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Disney’s Bob Iger wanted to fire Marvel’s Ike Perlmutter even before he backed a proxy war



Disney boss Bob Iger unceremoniously sacked Marvel Entertainment chairman Ike Perlmutter for his redundant management of the company, not as retribution for leading a proxy war against the Mouse House. 

In an interview with Time published on Thursday, Disney’s returning CEO claimed turfing out Perlmutter from a company he had once owned should not be misconstrued as payback for mounting a boardroom challenge via an affiliated activist investor Nelson Peltz. 

“This decision would have been made regardless of that,” Iger said during a cover shoot for the magazine’s 100 most influential people of 2023.

The frugal billionaire Perlmutter—who had been sidelined from creative decisions ever since Marvel Studios boss Kevin Feige emerged victorious from their bitter power struggle eight years ago—played a key role in encouraging the Trian Fund Management CEO Peltz to buy $1 billion in Disney stock and campaign for a seat on the board.

Peltz has since dropped his quest after Iger announced cost cuts of $5.5 billion to stop the bleeding at its loss-making streaming business Disney+ as well as layoffs affecting 7,000 employees.

Perlmutter is not the only high-profile victim of the cuts—Feige lost one of his two chief lieutenants as well—but he was likely the biggest surprise.

“This was a necessary step in the direction of us creating a more efficient company. There was redundancy specific to the way Marvel was being managed,” Iger said, declining to comment further on the controversial move. 

The Disney CEO’s comments are surprising given Perlmutter was notorious for being obsessed with efficiency. Indeed the billionaire said this month he was fired for complaining about just how costly Marvel movies had become. 

Retreading old ground with live-action remakes

Disney’s stock may have rebounded 13% since January, but the company appears to be firmly stuck in a creative rut, in particular when it comes to its animated offerings.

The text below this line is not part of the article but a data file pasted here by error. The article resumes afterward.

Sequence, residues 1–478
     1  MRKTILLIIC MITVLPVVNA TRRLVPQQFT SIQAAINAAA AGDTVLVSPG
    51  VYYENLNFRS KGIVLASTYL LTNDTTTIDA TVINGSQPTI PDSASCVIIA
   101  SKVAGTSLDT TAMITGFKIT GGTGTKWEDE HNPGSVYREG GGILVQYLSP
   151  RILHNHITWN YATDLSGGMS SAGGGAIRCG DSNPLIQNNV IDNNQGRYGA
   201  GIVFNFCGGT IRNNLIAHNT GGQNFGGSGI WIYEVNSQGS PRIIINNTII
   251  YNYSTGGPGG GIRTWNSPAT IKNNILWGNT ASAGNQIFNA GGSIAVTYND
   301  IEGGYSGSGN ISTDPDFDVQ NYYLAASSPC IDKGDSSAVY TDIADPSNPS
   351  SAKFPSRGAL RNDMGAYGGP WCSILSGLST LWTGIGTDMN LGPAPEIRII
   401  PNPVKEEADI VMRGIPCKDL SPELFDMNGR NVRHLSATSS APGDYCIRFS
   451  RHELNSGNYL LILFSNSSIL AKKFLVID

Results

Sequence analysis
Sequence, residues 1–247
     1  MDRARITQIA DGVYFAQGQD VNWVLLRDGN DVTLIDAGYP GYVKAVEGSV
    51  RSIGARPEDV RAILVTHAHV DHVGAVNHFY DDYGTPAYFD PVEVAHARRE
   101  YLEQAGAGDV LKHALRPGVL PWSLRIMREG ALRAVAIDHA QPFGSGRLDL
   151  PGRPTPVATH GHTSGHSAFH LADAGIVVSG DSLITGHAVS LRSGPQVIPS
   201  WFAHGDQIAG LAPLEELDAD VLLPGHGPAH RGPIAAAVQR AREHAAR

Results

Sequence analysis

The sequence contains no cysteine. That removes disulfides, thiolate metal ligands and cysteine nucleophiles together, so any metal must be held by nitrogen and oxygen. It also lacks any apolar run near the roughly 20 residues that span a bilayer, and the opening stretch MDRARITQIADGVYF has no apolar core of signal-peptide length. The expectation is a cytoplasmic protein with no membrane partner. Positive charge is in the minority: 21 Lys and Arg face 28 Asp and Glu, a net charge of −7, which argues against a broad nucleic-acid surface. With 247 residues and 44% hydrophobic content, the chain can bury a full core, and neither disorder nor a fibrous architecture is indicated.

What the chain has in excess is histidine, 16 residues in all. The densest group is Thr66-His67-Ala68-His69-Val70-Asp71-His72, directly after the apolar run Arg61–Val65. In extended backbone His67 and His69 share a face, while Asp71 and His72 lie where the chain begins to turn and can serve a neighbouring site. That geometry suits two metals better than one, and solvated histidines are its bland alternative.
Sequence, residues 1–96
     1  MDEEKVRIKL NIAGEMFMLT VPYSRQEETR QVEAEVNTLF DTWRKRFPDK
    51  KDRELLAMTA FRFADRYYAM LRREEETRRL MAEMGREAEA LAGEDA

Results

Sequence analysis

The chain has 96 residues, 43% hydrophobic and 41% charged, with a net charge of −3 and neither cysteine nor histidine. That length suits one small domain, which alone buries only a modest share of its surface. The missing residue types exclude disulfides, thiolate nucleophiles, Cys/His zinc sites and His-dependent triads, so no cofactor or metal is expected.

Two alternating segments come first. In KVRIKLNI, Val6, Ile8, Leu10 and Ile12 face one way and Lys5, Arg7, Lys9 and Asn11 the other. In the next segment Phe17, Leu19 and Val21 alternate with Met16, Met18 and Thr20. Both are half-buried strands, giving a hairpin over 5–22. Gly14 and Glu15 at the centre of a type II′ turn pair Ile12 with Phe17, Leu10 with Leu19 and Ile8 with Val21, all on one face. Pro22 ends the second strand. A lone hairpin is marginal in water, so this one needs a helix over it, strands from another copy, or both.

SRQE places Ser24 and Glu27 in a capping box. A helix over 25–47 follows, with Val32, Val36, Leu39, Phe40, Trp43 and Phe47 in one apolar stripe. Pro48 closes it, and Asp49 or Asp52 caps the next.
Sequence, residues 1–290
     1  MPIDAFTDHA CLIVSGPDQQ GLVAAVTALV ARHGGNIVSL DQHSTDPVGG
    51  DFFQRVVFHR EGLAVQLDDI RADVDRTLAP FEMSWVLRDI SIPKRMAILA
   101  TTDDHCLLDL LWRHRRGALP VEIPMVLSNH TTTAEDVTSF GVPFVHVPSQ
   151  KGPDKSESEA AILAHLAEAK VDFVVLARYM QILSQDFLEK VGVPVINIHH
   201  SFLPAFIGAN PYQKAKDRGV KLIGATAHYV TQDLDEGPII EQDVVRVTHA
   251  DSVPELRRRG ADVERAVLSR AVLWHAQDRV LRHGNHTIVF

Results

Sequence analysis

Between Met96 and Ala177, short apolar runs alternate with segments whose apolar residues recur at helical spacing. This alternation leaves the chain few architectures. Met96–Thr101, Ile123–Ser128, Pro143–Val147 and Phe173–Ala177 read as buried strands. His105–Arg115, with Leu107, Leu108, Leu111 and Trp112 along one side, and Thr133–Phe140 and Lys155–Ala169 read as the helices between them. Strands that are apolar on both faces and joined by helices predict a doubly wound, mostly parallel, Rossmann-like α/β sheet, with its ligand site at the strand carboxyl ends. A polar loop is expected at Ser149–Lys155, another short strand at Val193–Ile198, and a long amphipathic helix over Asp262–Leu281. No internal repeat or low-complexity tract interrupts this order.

Lightyear, a loose spin-off of the character from Pixar’s Toy Story, disappointed last year, while Strange Planet proved an outright bomb. Meanwhile the box office success of Comcast’s Super Mario Brothers—based on a classic Nintendo video game—demonstrated just how much money can be made with the right family-friendly movie.

Seemingly unable to come up with fresh compelling stories able to lure parents and their children into the cinema, Disney is resorting to yet another live-action remake of a beloved Disney animated film—next month The Little Mermaid is up for the treatment.

Critics of the film have panned its dark and dreary palette of underwater colors as well as its laughably bad CGI renderings of Ariel’s animal sidekicks Sebastian and Flounder, while yet others bemoan its “woke” choice to race-swap the main character for no clear story-driven reason. 

The retreads aren’t set to stop either. At this month’s shareholder meeting, the biggest news Disney had to announce was the live-action remake of Moana, an animated film barely seven years old.

Iger defends modern retelling of classic tales: ‘certain stories stand the test of time, others don’t’

Lucasfilm, which Iger acquired a decade ago, has fared little better. Fresh from the cancellation of Willow after just one season on Disney+ and the disappointment of The Mandalorian’s third outing, the Star Wars subsidiary unveiled plans last week to bring back Daisy Ridley for another theatrical outing.

The decision came despite box office receipts that showed her overly idealized character Rey—often referred to as a “Mary Sue”—helm a trilogy that suffered a precipitous fall in audience numbers with each successive film.

Iger defended his company’s creative choices in the magazine interview, arguing “understanding that the world has changed” with modern spins on classic tales was core to franchises remaining relevant over longer periods.

“While certain stories stand the test of time, others don’t,” he said. “You have to be incredibly adept at being able to read the room, so to speak, or the world, in order to maintain brand relevance.” 

Disney’s politics has triggered the ire of conservative voters, a cause Florida governor Ron DeSantis has latched onto to earn political points. The presidential hopeful has anchored his likely run for the country’s highest office on the back of his culture war feud with Disney.

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